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I have an ASP.net MVC5 project which involve different domain services, and one of it are EmailService which will send email if entity is updated.

public class Project {
    string ProjectType {get; set;}
    string Name {get; set;}
}

public interface IProjectService {
    event void EventHandler<ProjectEventArgs> Updated;
}

public interface IEmailLogRepository {
    void Insert(EmailLog obj);
}


public class EmailService {

    private readonly IEmailLogRepository _repos;

    public string SmtpServer {get;set;}
    public string SmtpPort {get;set;}
    public string SmtpSender {get;set;}
    public string SmtpUsername {get;set;}
    public string SmtpPassword {get;set;}
    ......

    public string TemplateASubjectFormat {get;set;}
    public string TemplateBSubjectFormat {get;set;}
    public string TemplateAContentFormat {get;set;}
    public string TemplateBContentFormat {get;set;}

    public EmailService(IProjectService service, IEmailLogRepository repos) {
        service.Updated += OnProjectUpdated;
        _repos = repos;
    }

    private void OnProjectUpdated(object sender, ProjectEventArgs args) {
        if (args.Entity.ProjectType == "A")  SendEmailWithTemplateA(args.Entity);
        if (args.Entity.ProjectType == "B")  SendEmailWithTemplateB(args.Entity);
    } 

    private void SendEmailWithTemplateA(Project obj){
        MailMessage mail = new MailMessage();
        mail.Suject = string.Format(TemplateASubjectFormat, obj.Name);
        mail.Content = string.Format(TemplateAContentFormat, obj.Name);
        ......
        SendEmail(mail);
    }

    private void SendEmailWithTemplateB(Project obj){
        MailMessage mail = new MailMessage();
        mail.Suject = string.Format(TemplateBSubjectFormat, obj.Name);
        mail.Content = string.Format(TemplateBContentFormat, obj.Name);
        ......
        SendEmail(mail);
    }

    private void SendEmail(MailMessage mail){

        EmailLog log = new EmailLog();
        log.Email = mail.ToAdress;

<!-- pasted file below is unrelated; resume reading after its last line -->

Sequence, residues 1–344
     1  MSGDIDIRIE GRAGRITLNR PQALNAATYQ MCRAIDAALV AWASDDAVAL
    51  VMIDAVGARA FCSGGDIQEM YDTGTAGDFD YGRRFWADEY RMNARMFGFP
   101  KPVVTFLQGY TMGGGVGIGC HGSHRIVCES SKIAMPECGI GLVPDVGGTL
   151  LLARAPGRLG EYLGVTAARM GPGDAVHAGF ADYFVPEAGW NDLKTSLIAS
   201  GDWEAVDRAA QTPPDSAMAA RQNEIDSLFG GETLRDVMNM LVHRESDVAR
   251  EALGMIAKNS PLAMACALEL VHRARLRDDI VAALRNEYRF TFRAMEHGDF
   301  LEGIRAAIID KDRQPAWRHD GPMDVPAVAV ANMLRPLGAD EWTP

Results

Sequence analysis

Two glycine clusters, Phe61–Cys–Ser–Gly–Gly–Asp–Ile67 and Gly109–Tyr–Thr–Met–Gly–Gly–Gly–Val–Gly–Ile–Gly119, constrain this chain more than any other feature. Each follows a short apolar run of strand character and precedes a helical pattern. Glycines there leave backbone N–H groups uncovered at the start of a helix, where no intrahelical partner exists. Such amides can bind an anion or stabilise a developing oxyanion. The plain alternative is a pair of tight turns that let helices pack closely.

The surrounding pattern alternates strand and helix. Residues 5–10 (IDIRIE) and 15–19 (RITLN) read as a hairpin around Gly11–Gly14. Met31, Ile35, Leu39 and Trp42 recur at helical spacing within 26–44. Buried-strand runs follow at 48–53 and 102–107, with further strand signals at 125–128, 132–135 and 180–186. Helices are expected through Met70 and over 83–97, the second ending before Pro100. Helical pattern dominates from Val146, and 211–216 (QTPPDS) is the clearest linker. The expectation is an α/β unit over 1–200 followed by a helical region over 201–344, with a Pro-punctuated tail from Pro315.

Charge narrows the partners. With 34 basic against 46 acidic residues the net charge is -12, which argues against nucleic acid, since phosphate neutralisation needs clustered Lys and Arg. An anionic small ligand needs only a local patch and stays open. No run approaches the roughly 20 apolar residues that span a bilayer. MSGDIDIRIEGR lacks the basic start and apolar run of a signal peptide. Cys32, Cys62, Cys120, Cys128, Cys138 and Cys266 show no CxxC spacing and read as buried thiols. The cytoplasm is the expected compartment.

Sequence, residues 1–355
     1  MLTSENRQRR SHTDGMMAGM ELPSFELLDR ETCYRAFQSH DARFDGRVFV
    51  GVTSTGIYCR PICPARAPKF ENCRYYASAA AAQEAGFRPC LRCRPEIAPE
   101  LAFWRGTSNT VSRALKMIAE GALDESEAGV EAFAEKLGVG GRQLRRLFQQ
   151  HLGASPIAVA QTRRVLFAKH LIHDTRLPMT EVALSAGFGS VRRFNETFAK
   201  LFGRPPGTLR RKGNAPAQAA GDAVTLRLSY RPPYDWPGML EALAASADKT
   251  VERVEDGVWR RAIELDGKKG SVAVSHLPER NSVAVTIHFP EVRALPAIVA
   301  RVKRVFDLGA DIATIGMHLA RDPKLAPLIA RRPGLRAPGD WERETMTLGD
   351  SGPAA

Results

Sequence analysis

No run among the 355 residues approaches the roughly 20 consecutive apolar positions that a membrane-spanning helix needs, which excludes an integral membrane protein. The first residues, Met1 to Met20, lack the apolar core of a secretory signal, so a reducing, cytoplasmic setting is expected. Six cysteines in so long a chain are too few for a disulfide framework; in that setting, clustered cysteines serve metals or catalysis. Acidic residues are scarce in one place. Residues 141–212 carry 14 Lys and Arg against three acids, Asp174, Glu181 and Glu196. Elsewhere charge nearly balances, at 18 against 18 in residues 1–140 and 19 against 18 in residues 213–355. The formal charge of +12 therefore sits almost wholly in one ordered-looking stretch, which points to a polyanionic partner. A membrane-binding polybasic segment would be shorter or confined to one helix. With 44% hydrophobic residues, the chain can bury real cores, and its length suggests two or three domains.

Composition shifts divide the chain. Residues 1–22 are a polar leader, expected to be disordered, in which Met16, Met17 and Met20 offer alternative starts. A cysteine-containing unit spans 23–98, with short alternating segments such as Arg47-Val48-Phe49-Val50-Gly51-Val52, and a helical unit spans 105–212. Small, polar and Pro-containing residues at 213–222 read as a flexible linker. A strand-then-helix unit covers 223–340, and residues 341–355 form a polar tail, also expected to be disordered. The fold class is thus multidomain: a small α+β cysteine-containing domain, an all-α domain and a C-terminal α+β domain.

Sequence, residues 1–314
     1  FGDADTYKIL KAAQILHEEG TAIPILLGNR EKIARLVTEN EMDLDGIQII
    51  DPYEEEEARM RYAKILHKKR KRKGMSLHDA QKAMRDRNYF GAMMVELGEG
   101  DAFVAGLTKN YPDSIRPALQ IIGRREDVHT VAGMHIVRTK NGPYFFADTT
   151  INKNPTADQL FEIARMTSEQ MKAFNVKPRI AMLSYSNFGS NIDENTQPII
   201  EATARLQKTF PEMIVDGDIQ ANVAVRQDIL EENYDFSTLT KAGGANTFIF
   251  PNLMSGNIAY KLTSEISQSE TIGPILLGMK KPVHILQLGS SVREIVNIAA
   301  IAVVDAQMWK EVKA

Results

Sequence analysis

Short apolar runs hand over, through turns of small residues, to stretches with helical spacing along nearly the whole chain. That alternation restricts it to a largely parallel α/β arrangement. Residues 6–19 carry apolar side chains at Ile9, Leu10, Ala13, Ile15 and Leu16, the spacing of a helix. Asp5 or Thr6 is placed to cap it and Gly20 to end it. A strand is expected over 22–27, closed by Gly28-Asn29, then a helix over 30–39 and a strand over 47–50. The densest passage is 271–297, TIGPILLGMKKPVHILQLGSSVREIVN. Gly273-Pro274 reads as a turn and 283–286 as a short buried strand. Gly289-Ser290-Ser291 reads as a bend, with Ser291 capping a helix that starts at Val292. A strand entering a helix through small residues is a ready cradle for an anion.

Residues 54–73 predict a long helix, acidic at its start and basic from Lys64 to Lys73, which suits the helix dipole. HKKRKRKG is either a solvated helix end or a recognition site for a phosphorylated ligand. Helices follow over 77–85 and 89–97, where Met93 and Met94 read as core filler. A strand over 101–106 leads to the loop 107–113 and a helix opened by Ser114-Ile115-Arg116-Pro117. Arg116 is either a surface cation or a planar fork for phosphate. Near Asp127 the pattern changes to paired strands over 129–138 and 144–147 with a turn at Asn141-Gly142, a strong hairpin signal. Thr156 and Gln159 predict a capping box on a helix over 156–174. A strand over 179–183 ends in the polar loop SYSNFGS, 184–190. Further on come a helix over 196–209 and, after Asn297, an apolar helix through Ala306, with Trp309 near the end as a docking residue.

try{
            SmtpClient smtp = new SmtpClient();
            ........
            smtp.Send(mail);
            log.Status = "Success";
            _repos.Insert(log);
        }catch(Exception ex){
            log.Status = string.Format("Error: {0}", ex.Message);
            _repos.Insert(log);
        }
    }
}

public class ProjectController : Controller
{
    private readonly IProjectService _service;
    private readonly EmailService _emailService;

    public ProjectController(IDbConnection connection, IProjectService service, IEmailLogRepository emailRepos){
        _service = service;
        _emailService = new EmailService(_service, emailRepos);
        Dictionary<string, string> settings = Settings.Load(connection);
        _emailService.SmtpServer = settings["SmtpServer"];
        ........
        _emailService.TemplateASubjectFormat = settings["TemplateASubjectFormat"];
        _emailService.TemplateAContentFormat = settings["TemplateAContentFormat"];
        _emailService.TemplateBSubjectFormat = settings["TemplateBSubjectFormat"];
        _emailService.TemplateBContentFormat = settings["TemplateBContentFormat"];
        ........
    }
}

In the above code, the EmailService contains lots of settings like Smtp and template info for different project types, those settings are located in database currently (one settings table but it stored all settings for different services), and the service properties are assigned in ASP.net controller constructor.

This kind of setting properties assignment caused the constructor contains a lots of lines, some controller may require more than one service to work, each services in my projects are designed like this, and I feel it's not a good design, so may I check what's the best practice for assign settings value for setting assignment?

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closed as off-topic by t3chb0t, esote, Mast, Heslacher, pacmaninbw Apr 18 at 16:02

This question appears to be off-topic. The users who voted to close gave this specific reason:

  • "Lacks concrete context: Code Review requires concrete code from a project, with sufficient context for reviewers to understand how that code is used. Pseudocode, stub code, hypothetical code, obfuscated code, and generic best practices are outside the scope of this site." – t3chb0t, esote, Mast, Heslacher, pacmaninbw